Once operations had commenced, it still took us a good month to do it from stem to stern, a city of only about 350,000-450,000. Then we were able to hold it. During this particular operation, you literal­ly could see from patrol base to patrol base, or com­bat outpost to combat outpost. You would have to isolate each neighborhood with barriers to prevent vehicles from moving in before you could actually move in and clear it. That is the kind of challenging operation that was required to accomplish this.

Promoting Reconciliation

We had from the beginning an intellectual con­struct that talked about promoting reconciliation at the local level. If you find tribes that are willing to reject al-Qaeda, then we sought to embrace and support them. We even parked tanks out front of Sheikh Sattar's house, who was the Awakening lead­er of most significance in the fall and early winter of 2006. He was very important in the developments in Anbar Province over time. Tragically, he was later assassinated, showing you the threat that these indi­viduals are under and the risks that they take.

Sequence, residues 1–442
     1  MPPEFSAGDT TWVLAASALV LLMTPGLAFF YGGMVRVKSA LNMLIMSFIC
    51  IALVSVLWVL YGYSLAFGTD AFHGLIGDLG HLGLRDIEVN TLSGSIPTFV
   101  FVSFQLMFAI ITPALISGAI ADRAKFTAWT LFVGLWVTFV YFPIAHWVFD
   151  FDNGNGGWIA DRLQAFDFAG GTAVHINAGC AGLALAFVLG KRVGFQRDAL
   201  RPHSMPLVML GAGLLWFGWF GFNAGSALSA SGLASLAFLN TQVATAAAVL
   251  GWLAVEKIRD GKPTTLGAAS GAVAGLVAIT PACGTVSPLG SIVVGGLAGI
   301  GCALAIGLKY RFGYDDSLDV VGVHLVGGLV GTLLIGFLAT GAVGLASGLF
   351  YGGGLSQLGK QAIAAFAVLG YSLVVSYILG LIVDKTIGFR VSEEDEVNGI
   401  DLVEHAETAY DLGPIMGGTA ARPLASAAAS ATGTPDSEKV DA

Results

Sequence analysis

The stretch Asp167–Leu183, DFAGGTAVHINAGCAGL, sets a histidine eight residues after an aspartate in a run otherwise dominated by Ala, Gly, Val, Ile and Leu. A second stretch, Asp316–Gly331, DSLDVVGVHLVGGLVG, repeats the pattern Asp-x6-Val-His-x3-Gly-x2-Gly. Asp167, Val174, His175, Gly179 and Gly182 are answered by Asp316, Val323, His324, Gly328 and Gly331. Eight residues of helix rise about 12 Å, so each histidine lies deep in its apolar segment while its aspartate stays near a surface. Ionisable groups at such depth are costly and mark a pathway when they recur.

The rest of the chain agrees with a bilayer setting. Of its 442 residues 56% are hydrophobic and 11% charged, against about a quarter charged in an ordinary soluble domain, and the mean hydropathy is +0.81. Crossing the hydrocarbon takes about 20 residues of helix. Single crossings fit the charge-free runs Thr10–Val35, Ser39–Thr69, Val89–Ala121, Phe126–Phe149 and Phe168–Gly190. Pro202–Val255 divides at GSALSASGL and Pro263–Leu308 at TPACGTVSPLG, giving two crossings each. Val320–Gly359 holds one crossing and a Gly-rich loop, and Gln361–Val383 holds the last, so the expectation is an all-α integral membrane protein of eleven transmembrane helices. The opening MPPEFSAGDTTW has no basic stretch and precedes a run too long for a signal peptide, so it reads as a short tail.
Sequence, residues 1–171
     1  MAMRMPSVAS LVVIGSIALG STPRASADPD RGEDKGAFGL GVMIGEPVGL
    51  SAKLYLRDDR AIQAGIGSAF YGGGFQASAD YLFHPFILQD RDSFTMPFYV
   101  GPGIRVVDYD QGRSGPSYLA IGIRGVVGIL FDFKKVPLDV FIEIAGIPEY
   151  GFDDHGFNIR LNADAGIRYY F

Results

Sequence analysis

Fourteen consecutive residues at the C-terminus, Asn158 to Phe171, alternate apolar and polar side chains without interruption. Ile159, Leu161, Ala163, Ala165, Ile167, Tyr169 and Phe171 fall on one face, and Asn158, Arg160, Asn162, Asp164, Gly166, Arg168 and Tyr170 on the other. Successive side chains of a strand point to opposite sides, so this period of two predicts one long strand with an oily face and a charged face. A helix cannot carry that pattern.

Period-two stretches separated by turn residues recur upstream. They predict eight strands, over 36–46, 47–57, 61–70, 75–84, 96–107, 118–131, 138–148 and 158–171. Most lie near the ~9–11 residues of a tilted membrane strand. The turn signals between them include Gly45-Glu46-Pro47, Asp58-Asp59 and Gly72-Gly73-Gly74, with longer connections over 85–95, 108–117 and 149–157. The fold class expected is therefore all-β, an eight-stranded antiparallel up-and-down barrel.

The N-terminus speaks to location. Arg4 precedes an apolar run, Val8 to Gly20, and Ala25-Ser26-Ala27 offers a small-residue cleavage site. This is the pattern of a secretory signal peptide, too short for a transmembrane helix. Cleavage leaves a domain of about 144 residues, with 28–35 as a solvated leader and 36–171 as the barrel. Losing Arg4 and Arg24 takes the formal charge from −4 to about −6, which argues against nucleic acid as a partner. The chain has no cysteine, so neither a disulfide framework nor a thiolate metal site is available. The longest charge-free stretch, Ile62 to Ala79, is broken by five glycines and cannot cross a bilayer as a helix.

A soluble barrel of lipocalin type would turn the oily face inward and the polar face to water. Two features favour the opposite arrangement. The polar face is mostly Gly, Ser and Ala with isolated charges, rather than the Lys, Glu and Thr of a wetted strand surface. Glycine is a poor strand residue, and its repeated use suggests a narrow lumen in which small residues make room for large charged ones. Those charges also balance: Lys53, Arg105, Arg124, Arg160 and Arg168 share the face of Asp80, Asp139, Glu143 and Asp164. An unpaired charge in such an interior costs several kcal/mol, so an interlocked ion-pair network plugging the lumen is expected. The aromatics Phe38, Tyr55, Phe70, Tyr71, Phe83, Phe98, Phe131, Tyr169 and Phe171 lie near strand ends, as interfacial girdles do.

We had an explicit intellectual construct of iden­tifying and separating the irreconcilables, the hard-core Taqfiri, from the rest of the population and then trying to reconcile with as many as there were left. You don't end these operations by killing or capturing your way along the line. What you do is, you end up getting rid of the hardest of the hard-core and then trying to make the others part of the solution instead of a continuing part of the problem.

We used the British experience in Northern Ire­land quite effectively in this regard. I had a deputy who had to sit down across from Martin McGuin­ness, a noted IRA brigade commander. He wanted to reach across the table and grab him by the throat because Martin McGuinness's men had killed some of this individual's men in 22 SAS.[3] But, of course, what eventually happened is they all reconciled, which has helped to achieve a relatively enduring settlement there. Ironically, Martin McGuinness is now on an inspirational speaking tour with some other leaders from South Africa and elsewhere and showed up in Baghdad to tell us about reconcilia­tion at one point earlier this spring.